Enhanced rooting powers hybrid barley to victory
Recent AHDB Commentary (20 August 2021) noted that “The two-row feed varieties have been left somewhat behind in 2021”. This is maybe no surprise to loyal hybrid barley growers who have become increasingly familiar with the high yields and reliability that the hybrid varieties offer. The 2021 harvest results have clearly shown that we are back to “business as usual” this season: the yield gap between the hybrid barley varieties and the 2-row varieties has returned to normal levels.
Overall, the hybrid barley varieties have outperformed their 5 year mean in 2021, with the majority having higher yields in 2021. The graph below shows the contrast between 2021 yields and the 5-year mean. Any variety above the line of equivalence performed higher than its 5-year average in 2021. The current hybrid barley varieties have all performed above or close to their 5-year average, showing a high yield potential and consistent performance over multiple years. Many of the 2-row feeds underperformed in 2021 and were a long way from the equivalence line, which suggests they were less stable in 2021.
AHDB Recommended List Harvest Results 2021
Hybrid breeding technology, and the widespread use of hybrid varieties, has been shown to increase yields in a wide range of crop species. Hybrid barley is no different with the hybrid varieties occupying the top slots in the 2021 harvest results and in the over-year results too. Hybrid barley varieties offer a wide range of additional benefits such as grass weed suppression and enhanced rooting.
Independent rooting study
Syngenta commissioned an independent rooting study this past season to compare the most popular hybrid variety, SY Kingsbarn, with a popular 2-row feed variety in a large-scale field trial.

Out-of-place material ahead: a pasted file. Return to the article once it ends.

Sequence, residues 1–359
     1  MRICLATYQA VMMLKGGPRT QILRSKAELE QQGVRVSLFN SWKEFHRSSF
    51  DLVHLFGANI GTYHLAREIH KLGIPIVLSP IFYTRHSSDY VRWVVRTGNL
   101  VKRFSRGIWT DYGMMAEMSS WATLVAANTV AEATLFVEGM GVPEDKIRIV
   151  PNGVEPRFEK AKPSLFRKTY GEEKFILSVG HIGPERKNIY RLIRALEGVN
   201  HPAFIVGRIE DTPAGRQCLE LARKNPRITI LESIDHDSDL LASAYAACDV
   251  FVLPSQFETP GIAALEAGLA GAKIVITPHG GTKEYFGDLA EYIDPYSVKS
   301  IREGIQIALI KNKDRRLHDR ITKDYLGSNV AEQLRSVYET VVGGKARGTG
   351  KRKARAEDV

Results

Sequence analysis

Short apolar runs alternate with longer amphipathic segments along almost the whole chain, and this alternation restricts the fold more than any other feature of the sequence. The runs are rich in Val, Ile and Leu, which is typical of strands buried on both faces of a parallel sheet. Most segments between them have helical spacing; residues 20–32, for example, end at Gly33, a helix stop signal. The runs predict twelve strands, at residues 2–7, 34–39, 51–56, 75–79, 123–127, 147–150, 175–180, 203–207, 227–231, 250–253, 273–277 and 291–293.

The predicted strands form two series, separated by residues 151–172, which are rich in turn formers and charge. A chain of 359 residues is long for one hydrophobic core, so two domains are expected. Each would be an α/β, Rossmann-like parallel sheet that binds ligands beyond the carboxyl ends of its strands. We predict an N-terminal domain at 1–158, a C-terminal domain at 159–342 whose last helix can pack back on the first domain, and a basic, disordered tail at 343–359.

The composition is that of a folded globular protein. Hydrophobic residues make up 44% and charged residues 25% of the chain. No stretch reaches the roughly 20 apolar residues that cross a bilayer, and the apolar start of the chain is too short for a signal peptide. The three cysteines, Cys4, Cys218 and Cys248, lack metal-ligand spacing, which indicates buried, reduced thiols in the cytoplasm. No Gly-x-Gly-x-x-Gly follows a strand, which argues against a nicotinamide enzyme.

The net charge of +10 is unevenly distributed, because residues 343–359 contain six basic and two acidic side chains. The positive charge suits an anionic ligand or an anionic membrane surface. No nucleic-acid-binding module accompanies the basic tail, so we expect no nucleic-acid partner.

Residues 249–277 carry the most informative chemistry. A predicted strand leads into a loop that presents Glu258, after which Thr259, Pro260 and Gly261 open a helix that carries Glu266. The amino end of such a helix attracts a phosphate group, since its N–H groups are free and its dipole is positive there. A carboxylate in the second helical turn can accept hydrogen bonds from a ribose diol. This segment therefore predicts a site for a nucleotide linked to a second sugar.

SY Kingsbarn had an overall root mass that that was over 20% higher than the 2-row variety, with a dry root weight of 0.067g vs 0.055g per plant, together with a root system that was both wider and deeper.
This enhanced root system, uniquely powered by hybrid vigour, may explain why hybrid barley offers greater resilience to environmental stress by enabling the plant to better scavenge for water and nutrients in dry conditions. Greater crop resilience may also lead to reduced tiller loss in a dry spring.
In addition, it is well-known that 6-row varieties, including hybrid barley, are less sink-limited than 2-row varieties as they have more grain sites. Anecdotal reports from across the country noted that the yield of some of the two-row varieties may have been more affected than the hybrid barley varieties as they lost a higher proportion of valuable grain sites due to a combination of enhanced tiller loss due to the dry spring coupled with late frosts. This may explain why the two-row feed varieties have been left behind this year.
Hybrid barley offers high yield, stable yield and so much more. Choosing to apply Vibrance Duo seed treatment to hybrid barley can increase rooting even further.